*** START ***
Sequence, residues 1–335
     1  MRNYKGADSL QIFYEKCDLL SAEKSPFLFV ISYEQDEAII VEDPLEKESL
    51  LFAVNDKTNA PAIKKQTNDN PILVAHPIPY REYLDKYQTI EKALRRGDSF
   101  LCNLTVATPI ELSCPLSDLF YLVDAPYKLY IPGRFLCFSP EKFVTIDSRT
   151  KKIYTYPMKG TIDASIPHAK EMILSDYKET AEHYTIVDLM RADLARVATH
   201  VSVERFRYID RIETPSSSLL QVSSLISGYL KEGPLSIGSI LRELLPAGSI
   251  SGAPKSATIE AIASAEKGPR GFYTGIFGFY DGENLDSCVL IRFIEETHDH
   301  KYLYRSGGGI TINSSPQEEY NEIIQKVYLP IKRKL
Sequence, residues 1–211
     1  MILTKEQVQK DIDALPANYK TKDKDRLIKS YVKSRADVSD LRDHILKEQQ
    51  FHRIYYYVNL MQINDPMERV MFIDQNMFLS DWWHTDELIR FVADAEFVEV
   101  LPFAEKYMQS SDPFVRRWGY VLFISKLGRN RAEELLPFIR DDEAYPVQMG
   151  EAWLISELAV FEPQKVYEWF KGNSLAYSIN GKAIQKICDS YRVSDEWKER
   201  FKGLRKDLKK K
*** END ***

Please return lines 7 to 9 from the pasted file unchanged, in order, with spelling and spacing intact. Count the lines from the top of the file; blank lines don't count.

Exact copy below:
   251  SGAPKSATIE AIASAEKGPR GFYTGIFGFY DGENLDSCVL IRFIEETHDH
   301  KYLYRSGGGI TINSSPQEEY NEIIQKVYLP IKRKL
Sequence, residues 1–211